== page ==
Reingold, Dan 1953-
Reingold, Dan 1953-
Columbia University, Graduate School of Business, New York, NY, project director for telecom finance in Columbia Institute for Tele-Information. Worked as a financial executive for MCI and as a managing director and telecom analyst at investment firms in New York, including Morgan Stanley, Merrill Lynch, and Credit Suisse, 1989-2003.
(With niece, Jennifer Reingold) Confessions of a Wall Street Analyst: A True Story of Inside Information and Corruption in the Stock Market (nonfiction), HarperCollins (New York, NY), 2006.
Contributor to periodicals, including Financial Times.
Dan Reingold was a top financial analyst before he left Wall Street, and he offers revealing insights into the world of high finance in his bookConfessions of a Wall Street Analyst: A True Story of Inside Information and Corruption in the Stock Market. His career coincided with the dramatic rise and fall of telecom stocks, and he offers an inside look at some of the biggest disappointments and surprises of that era in Wall Street's history. His memoir, written with his niece, Jennifer Reingold, reveals how his initial enthusiasm for his work changed to dismay and disillusionment as he realized how widespread unethical practices and outright corruption were within the industry. Leaks of inside information, secret dealings, and conflicts of interest were commonplace, and his experiences "left him depressed, contemptuous and, yet, prosperous," noted Kerry Hannon in a USA Todayreview of Confessions of a Wall Street Analyst. As a top insider, Reingold was accorded special treatment from many who were hoping to profit from his knowledge and understanding of Wall Street. Despite playing at the highest levels of finance, however, Reingold managed to remain innocent of any notable wrongdoing. Even so, he chastises himself for not bringing industry corruption out in the open sooner than he did. Reingold also examines the changes, and lack of change, that have characterized Wall Street since he left it, concluding that meaningful regulation to stop corruption is still badly needed. Business Weekreviewer Roben Farzad felt the book came "far too late to qualify as meaningful whistle-blowing," and is valuable mainly as "a colorful portrayal of egos" involved in the world of high finance. Richard Drezen expressed a similar view in his Library Journalreview, calling Confessions of a Wall Street Analyst an "honest and irreverent behind-the-scenes account."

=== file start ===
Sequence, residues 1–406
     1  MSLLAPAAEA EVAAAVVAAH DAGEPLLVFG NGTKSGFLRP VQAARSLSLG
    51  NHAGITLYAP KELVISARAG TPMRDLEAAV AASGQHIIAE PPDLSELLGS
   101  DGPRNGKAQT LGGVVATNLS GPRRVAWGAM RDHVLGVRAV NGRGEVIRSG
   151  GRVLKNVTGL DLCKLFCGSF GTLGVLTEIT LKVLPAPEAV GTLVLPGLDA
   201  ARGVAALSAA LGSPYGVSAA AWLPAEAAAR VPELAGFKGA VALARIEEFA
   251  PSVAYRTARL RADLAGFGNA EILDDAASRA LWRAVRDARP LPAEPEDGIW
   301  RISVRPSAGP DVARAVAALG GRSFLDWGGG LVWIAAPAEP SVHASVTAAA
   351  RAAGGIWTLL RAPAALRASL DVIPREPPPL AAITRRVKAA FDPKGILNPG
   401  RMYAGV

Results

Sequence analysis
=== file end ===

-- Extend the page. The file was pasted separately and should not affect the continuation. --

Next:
BIOGRAPHICAL AND CRITICAL SOURCES:
Reingold, Daniel, with Jennifer Reingold, Confessions of a Wall Street Analyst: A True Story of Inside Information and Corruption in the Stock Market,HarperCollins (New York, NY), 2006.
Booklist, January 1, 2006, Mary Whaley, review ofConfessions of a Wall Street Analyst, p. 38.
Business Week, February 13, 2006, Roben Farzad, review of Confessions of a Wall Street Analyst,p. 98.
California Bookwatch, April, 2006, review of Confessions of a Wall Street Analyst.
Library Journal, January 1, 2006, Richard Drezen, review of Confessions of a Wall Street Analyst,p. 132.
Publishers Weekly, January 2, 2006, review of Confessions of a Wall Street Analyst, p. 52.
Telephony, January 23, 2006, interview with Dan Reingold.
USA Today, April 10, 2006, Kerry Hannon, review ofConfessions of a Wall Street Analyst, p. 6B.
Wall Street Confessions,http://www.wallstreetconfessions.com(July 21, 2006).